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Old 17th Jun 2012, 01:10
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4 hours a day!

Really Crab, with most of the civil crews having between 2500-5000 hours of SAR experience over and above their other flying. They have more than enough hands on to crack training with an allocation over 4.5 crew of some 50 hours. What the hell are you going to use 4 hrs for? 20-30 hours per month training and ops, ticks their comfort zone for feeling current enough to operate safely without flogging the good tax payers 's No wonder you are looking forward to the Civ SAR option soon. The cost of running Seakings for that sort of monthly training is prohibitive

They will just do more at night with NVG requirement, less day training, which lets face it I easy anyway. Come to think of it the night flying without goggles will be gone too, double bonus!

With an average of about 8 shifts a month that is a good 2-3 hours per shift, fair due if you are spending 30-45 minutes bimbling to and from training each way like the Chivenor crews do into Wales then you will need more time. Otherwise just go to Baggy Point and crack on with he nearest deck whilst there.
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Old 17th Jun 2012, 10:30
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NRDK - couldn't agree more! NVG not a black art either (well sometimes, esp in FI!). Did an awful lot of night mountains (and SHNI) pre NVG, goggles just make it a whole lot easier. Still have to allow a few hours for bimbling and waving though - and what about Santa deliveries? I once had three santas on board at once, obviously two were not real!
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Old 17th Jun 2012, 10:35
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That is exactly the attitude to training - currency vs competency - that will end up biting you in the a*se one day. Professional aircrew don't have that attitude
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Old 17th Jun 2012, 11:14
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Training V Competency

Crab,

Really? the last 20+ years of Civilians doing a THIRD of UK SAR has survived quite well thanks to the professional attitude, experience and training applied. It has not always been incident free but as you know, SAR is not without risk and every 'Service' provider can attest to that.

Hence the reason you are waving goodbye to the other Two Thirds, still you can be my co-pilot any day......WTF have the kids put in my fathers day cuppa tea! I'll roster you with another ex-crab as your Captain, better still ex Navy.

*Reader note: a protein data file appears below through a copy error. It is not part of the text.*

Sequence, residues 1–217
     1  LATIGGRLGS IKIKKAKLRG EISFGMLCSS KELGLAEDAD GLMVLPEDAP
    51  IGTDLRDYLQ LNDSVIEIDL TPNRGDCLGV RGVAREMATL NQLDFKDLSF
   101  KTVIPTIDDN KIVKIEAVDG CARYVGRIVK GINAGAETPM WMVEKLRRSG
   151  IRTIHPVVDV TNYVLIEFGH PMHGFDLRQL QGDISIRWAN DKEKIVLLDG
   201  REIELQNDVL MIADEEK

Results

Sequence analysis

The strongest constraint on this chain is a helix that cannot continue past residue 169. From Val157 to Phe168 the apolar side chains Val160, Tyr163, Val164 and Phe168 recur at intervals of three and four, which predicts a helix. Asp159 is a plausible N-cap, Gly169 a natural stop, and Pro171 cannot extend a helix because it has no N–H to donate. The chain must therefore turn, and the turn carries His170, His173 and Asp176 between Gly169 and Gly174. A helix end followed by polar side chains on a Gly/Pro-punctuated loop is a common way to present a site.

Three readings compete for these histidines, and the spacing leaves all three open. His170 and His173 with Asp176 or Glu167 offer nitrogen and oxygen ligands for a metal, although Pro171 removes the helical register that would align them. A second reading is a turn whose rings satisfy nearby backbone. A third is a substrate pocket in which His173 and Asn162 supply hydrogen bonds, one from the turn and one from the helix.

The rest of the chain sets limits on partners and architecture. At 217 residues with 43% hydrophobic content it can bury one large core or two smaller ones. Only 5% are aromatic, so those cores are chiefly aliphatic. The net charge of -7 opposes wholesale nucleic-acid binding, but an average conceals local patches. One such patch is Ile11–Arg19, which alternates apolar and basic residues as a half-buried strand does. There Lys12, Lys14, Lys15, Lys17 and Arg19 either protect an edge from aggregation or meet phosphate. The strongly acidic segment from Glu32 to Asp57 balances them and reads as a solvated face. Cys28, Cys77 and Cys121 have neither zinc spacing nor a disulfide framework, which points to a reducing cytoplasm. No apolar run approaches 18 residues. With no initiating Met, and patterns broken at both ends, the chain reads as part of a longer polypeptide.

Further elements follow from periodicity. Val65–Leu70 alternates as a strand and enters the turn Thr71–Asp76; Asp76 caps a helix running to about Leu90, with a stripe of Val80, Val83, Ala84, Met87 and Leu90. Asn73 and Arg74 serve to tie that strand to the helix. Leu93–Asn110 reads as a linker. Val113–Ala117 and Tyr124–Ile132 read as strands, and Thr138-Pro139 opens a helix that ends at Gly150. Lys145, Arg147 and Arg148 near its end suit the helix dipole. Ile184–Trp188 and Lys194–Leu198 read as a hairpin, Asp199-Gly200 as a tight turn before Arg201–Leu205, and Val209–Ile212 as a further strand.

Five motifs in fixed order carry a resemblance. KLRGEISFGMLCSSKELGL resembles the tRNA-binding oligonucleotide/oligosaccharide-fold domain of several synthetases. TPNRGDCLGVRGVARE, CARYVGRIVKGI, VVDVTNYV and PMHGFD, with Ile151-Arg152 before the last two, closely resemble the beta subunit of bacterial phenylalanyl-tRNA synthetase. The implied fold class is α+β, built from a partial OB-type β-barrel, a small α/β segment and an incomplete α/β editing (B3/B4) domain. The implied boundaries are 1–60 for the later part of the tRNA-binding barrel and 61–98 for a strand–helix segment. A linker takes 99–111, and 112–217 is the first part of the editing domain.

Al-Bert
True..bimbling and wave-ex's are essential and long may that be the case, after scraping someone plastered all the deck and doing your best for them and their family it is important to de-stress and wind down....I'm all for ice creams etc.

Last edited by NRDK; 17th Jun 2012 at 11:19.
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Old 17th Jun 2012, 11:18
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Things must have changed in the attitude to currency vs competancy since I retired CRAB! I saw a lot of the 'ticks on the board' generation, who just couldn't wait to get on with their ISS, Open Uni or whatever other career enhancing studies preoccupied them. A four hour training sortie that went from day into night and covered everything from day mountains to night drums was hardly quality training. As the RAF shrunk SAR became more of a career stepping stone for many who would never have entered the backwater that SAR had been when it was all commanded by a Wing Co in a green shed at Finningley! Flights reduced from nine to six, buildings got bigger and shinier, we gained a Group Captain, three Wing Co's and seven Squadron Leaders, while at the same time aircraft serviceability grew worse and fewer people got rescued. People had to really want to go SAR back in the day and they took a pride in their job that I have certainly witnessed the lack of in a number of pilots that I have served alongside. Yes, it was only amongst the pilots, many of whom would have preferred a posting to SH or FJ's and saw SAR as a temporary inconvenience.